Cropping Ears – Docking Tails – Why are we still doing it???
Veterinarian Reviewed on July 2, 2011 by Dr. Janice Huntingford, DVM
Posted in Cats
A little bit of history:
Tail docking was thought to prevent rabies, strengthen the back, increase the animal’s speed, and prevent injuries when ratting, fighting and baiting. In early Georgian times in the United Kingdom, a tax was levied upon working dogs with tails and so many types of dogs tails were docked to avoid this tax. Although the tax was repealed in 1796, the practice of tail docking persisted!
In dogs used for guarding property like Dobermans and Boxers, cropped ears are thought to make the breed appear more ferocious. The image of breeds with cropped ears and docked tails is promoted by most Kennel Clubs and breeders who believe that “their” breed will be “ruined” if it does not maintain the image handed down by parent breed clubs decades ago.
Dogs usually have their ears cropped when they are just 8 to 12 weeks old. At this stage in their development, the trauma of the procedure can have a strong psychological impact on the maturing pup. The process of taping and re-taping a pup’s ears to force them to stand erect after they have been cropped can be agonizing for the dog.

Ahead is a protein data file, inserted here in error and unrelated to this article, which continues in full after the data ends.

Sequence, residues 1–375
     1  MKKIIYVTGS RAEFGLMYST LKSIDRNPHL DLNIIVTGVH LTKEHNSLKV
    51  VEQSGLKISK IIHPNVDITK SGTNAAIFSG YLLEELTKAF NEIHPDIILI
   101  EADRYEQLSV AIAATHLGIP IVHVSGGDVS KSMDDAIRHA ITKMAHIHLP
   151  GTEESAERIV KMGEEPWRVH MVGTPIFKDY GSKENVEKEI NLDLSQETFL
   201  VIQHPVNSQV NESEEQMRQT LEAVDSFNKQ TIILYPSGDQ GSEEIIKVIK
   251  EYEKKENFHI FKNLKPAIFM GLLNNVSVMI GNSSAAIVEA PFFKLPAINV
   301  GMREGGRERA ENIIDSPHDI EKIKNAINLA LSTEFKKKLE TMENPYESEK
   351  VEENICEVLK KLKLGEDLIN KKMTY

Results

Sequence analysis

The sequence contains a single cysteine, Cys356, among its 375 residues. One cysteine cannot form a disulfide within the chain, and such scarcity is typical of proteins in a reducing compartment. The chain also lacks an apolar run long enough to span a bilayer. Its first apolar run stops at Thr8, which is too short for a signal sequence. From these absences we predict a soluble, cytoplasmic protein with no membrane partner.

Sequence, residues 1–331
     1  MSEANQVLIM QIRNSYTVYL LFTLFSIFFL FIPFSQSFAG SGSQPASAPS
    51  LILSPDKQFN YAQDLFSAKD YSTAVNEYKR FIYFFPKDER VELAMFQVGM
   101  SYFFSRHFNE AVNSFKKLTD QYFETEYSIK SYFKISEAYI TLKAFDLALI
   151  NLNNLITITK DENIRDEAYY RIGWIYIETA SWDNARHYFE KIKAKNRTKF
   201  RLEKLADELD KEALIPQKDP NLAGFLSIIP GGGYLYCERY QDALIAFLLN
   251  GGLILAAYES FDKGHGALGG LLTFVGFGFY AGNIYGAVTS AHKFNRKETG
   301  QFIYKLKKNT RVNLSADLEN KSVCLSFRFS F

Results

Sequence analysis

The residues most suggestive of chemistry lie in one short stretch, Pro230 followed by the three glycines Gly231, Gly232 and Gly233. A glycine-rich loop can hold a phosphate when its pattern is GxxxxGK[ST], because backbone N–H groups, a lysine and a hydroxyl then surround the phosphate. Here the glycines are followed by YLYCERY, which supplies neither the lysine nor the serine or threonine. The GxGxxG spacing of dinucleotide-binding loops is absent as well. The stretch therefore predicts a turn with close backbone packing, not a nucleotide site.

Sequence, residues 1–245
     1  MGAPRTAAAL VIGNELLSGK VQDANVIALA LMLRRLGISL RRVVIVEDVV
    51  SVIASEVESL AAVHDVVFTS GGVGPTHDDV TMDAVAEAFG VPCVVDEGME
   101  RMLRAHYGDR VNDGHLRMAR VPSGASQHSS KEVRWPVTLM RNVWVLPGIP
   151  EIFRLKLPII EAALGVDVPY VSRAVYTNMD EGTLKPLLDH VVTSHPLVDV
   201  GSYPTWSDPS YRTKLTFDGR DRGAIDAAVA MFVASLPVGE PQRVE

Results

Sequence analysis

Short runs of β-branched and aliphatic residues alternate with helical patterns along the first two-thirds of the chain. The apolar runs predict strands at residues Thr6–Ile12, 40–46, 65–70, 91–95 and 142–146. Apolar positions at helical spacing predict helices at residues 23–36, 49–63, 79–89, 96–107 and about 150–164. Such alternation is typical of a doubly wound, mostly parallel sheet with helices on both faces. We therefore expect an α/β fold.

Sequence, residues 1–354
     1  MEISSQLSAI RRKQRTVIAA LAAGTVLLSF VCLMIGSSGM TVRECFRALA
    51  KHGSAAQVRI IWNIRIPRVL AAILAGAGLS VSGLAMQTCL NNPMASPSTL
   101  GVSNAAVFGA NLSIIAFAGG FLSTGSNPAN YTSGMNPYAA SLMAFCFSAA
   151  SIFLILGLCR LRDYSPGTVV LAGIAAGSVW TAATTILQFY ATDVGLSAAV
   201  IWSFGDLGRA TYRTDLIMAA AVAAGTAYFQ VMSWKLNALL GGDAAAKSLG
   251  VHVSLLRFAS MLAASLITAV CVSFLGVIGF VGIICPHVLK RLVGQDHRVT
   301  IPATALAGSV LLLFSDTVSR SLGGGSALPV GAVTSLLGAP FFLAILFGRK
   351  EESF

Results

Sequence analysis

Puppies are normally just a few days old when their tails are docked. They are generally not even given anesthetics to numb the pain. Sometimes a tight rubber ring is placed on the tail and through atrophy and lack of circulation the tail will fall off.
Compassionate veterinarians object to the arbitrary removal of body parts used for communication, balance, and expression. Dogs “talk” to their human companions and other dogs using their ears and tails.
These procedures are so cruel that they are banned in many European countries. For example, British kennel clubs outlawed ear-cropping a century ago, and cosmetic tail-docking was stopped theU.K. in 1993.
Veterinary Medical Associations in North America and across the world now concur that ear-cropping and tail-docking are not medically indicated nor of benefit to the patient. These procedures cause pain and distress and, as with all surgical procedures, are accompanied by inherent risks of anesthesia, blood loss, and infection.
The following breeds usually have their ears cropped: Boston Terrier, Boxer, Doberman Pinscher, Great Dane, Schnauzer (all sizes), Pittbull.
The following breeds usually have tails docked: Boxer, Doberman Pinscher, Miniature Pinscher, Poodle (all sizes), Rottweiler, Schnauzer (all sizes), Schipperke, most herding breeds, most hunting breeds, most spaniels.
There are 17 dog breeds, including the Corgi, that have a naturally occurring docked tail!
If you are planning on purchasing a purebred dog, ask your breeder not to crop the ears or dock the tail, or find a breeder that does not take part in this practice 🙂
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Janice Huntingford, DVM, has been in veterinary practice for over 30 years and has founded two veterinary clinics since receiving her Doctor of Veterinary Medicine at the Ontario Veterinary College, University of Guelph. She has studied extensively in both conventional and holistic modalities. Ask Dr. Jan